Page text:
With this in mind, we should embrace diverse use of vocabulary and not suppress forms of colloquial language that often remain invisible in spaces such as public art galleries and universities. This position is not to be confused with an anti-intellectual polemic against the stylistics of “literary sophistication”, but instead to make a socialist point with regard to the inclusion of various idiolects in coming to an understanding of what writing on photography has been, and might become. Valuable work has been done with respect to language ideology in the field of linguistic anthropology, and the conclusions are not pretty (white dominance; white denials of complicity). Despite what Strunk & White say, and in opposition to what George Orwell would later write in an essay celebrated for all the wrong reasons, Politics and the English Language (1946), let’s forgo the rules. As Kendrick Lamar suggests, ‘build your own pyramids, write your own hieroglyphs.’ Idiolects are, after all, individual, subjectively developed phenomena.
As Elena Gualtieri writes in a discussion of Virginia Woolf, the essay has ‘become in modern times a vehicle of vanity and exhibitionism, encouraging its writers to indulge their taste for a good turn of phrase without providing any food for thought’. This gets to the heart of the essay-gone-wrong (Woolf calls it small-talk); the essay which says nothing, baroque as it stumbles along, drunk and well dressed. Instead, better essays might be conceptually idiosyncratic and simultaneously grounded in research, but they should not reject pleonasm, because we want more than information from language, don’t we? A wide vocabulary is good, when paired with something else substantial (form and substance are chiasmi too). Essays probably should have something to say, even if that something is no particular single thing, more a cluster of apothegms. Images float and the essay floats with them. These issues are far from simple, and politics is never far away when one confronts them.
With the language ideology of writing on photography in mind, I want to call the Strunk & White principles of style — held in such high esteem as they were — white-English-turn-of-the-20C-style. Tight, white sentences. A syntax of privilege. This particular politics of communication requires some sort of counterbalance. In Strunk & White’s discussion of the “necessary” use of definite, concrete language, they assert with respect to canonical writers such as Homer, Dante and Shakespeare that what makes them great is they have the ability to ‘call up pictures.’ Up to where, one might ask? Up to the elite highpoint of literary genius? “Great writers” sit on top of something and call their images up, so it would seem. How can this logic be reversed? It requires an antidote; a clamour of contemporary voices. ‘Nasal voices like a larynx infused with helium’ writes Harris Elliott in his essay Act Like a Wasteman, That’s Not Me (2016), might provide us a counterpoint from which to consider the various voices that constitute the history of writing on photography. In this way, the essay form reaches a heightened pitch at which words unravel into multiple cultural positions. The canon of essays on photography must become more diverse in order to pay homage to the original compositional incongruity of the literary essay, as pioneered by writers such as Virginia Woolf, who wanted essays to be protean and experimental. The form has always strived for stylistic diversity, expansion, multitudes.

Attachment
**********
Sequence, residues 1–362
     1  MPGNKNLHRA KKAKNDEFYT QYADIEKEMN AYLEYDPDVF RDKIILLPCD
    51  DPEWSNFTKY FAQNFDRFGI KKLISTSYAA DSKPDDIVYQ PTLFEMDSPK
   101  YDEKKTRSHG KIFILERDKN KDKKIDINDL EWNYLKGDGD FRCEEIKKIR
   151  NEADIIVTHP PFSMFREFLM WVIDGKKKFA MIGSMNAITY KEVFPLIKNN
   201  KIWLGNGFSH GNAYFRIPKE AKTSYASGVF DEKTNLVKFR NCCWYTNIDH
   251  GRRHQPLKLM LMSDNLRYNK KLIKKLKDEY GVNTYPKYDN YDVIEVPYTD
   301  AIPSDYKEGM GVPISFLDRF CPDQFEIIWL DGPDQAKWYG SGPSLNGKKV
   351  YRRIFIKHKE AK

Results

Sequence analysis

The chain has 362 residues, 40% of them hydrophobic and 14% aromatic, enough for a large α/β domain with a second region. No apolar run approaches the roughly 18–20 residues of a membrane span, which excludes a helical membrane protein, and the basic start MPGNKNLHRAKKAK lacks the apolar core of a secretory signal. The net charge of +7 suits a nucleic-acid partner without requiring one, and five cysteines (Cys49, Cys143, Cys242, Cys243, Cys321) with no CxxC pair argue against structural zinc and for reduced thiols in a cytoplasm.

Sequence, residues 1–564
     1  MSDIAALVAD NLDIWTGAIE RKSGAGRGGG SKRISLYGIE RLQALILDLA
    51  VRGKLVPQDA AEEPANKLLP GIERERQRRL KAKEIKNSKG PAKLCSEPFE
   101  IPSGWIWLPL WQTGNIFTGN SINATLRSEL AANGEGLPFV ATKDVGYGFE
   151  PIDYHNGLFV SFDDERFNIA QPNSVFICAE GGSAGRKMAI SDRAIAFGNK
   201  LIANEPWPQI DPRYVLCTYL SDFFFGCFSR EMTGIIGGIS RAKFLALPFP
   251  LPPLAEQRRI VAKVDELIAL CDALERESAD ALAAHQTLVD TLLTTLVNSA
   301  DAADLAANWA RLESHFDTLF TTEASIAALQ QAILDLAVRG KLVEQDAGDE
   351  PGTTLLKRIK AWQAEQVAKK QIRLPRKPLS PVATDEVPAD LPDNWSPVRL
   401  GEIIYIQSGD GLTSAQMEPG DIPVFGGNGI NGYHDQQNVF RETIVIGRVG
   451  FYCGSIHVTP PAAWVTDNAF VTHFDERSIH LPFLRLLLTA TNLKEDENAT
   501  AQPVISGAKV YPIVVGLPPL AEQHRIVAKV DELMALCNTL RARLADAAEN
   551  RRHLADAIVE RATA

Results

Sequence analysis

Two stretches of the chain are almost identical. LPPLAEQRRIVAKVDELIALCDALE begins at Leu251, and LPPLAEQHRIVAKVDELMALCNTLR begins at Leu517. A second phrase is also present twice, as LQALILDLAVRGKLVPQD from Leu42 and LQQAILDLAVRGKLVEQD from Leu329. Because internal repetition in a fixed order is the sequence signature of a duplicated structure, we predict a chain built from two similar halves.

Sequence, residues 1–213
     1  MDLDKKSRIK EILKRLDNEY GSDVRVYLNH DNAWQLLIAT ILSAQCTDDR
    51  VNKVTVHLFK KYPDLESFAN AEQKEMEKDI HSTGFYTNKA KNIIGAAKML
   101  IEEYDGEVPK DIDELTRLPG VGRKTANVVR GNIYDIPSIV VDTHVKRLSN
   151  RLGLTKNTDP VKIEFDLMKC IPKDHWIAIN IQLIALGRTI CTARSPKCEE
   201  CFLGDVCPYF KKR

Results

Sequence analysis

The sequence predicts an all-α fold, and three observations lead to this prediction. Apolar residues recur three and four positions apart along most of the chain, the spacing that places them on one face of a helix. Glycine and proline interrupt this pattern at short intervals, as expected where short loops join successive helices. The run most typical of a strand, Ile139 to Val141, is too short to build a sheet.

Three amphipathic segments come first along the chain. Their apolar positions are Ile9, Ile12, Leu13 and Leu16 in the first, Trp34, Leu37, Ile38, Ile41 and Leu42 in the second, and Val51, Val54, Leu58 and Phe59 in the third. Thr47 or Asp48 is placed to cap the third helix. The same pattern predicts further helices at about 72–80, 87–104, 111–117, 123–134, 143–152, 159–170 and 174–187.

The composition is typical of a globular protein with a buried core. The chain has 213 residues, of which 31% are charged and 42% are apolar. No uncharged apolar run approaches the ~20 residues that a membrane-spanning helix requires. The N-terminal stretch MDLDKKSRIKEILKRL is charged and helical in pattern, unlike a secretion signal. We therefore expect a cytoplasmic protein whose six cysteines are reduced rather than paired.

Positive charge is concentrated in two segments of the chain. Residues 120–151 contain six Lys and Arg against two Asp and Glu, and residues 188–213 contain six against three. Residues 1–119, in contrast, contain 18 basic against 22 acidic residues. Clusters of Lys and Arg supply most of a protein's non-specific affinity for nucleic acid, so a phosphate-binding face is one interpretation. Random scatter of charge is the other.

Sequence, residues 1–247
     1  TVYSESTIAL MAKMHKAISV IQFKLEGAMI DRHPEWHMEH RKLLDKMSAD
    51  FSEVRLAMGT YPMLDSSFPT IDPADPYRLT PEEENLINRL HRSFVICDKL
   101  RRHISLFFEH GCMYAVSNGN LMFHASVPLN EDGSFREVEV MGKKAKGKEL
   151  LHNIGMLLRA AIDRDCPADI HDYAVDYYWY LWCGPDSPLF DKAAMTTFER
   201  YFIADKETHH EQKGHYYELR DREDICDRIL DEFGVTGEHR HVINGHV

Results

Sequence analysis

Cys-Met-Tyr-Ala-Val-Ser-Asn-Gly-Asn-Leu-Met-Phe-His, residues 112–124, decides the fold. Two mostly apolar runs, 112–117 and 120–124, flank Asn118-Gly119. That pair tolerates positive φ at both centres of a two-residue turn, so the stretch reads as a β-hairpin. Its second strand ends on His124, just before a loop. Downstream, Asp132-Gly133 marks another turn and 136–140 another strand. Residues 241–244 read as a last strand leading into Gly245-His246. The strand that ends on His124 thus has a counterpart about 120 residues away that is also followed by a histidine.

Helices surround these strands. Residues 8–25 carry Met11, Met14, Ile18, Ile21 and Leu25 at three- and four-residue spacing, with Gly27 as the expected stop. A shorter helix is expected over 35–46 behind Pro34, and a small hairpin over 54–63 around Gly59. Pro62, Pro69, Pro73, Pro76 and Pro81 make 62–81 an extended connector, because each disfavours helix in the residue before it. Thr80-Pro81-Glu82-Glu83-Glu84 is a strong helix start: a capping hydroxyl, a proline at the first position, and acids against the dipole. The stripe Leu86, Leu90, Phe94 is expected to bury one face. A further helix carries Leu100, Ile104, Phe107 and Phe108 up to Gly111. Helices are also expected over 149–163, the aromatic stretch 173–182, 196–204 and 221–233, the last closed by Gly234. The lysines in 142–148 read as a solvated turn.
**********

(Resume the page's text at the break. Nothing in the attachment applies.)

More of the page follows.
When I speak or write, I visualise what I say in something like a series of photographs. But these are not the pictures of Strunk & White. Sometimes, to write personally on the photographic image is to pull down the brick wall of theoretical vocabulary. Or better, to combine flowery vocabulary with the lingua franca of everyday experience. We can have theory chat and literary parlance alongside colloquial speech, after all. This is what Lecercle gets at when he describes the complex ‘temporal layering’ of language, and it is, more generally, what the essay excels in.
Take the photo above. That collection of books in Fox Talbot’s library, they all float around for me, forming a mental image that might be taken apart and analysed through description, association, analogy, even contradiction. In one sense, I must reconstitute the photograph in order to write on it, or write with it, or even through it, as if some tunnel made of paper or pixels. In considering this photograph I can smell dust; I think of, and I see, the books as brown although I know the image is fixed within the muddy tones of its salt-based printing process. They have patina, these books; they appear and are impressed upon me. They remind me of libraries, which are spaces I have never liked, but always liked the idea of. I’ve probably never read any of them, these books. I wonder what they are? What can I do with them, these books I don’t know, in a photograph? Like Strunk & White’s principal elements, the books here are orderly, lofty. When I write about them I want to take them apart and not put them back together as they are. I want to contradict the normative values of description, association: I want to reconstitute this image in order to understand its politics. I want to “call the image down”.
— Daniel C. Blight
Daniel C. Blight is a writer based in London. He is lecturer in Historical & Critical Studies in Photography, School of Media, University of Brighton; visiting tutor in Critical & Historical Studies, School of Arts & Humanities, Royal College of Art and co-editor of Loose Associations, a periodical of new writing on image culture published by The Photographers’ Gallery.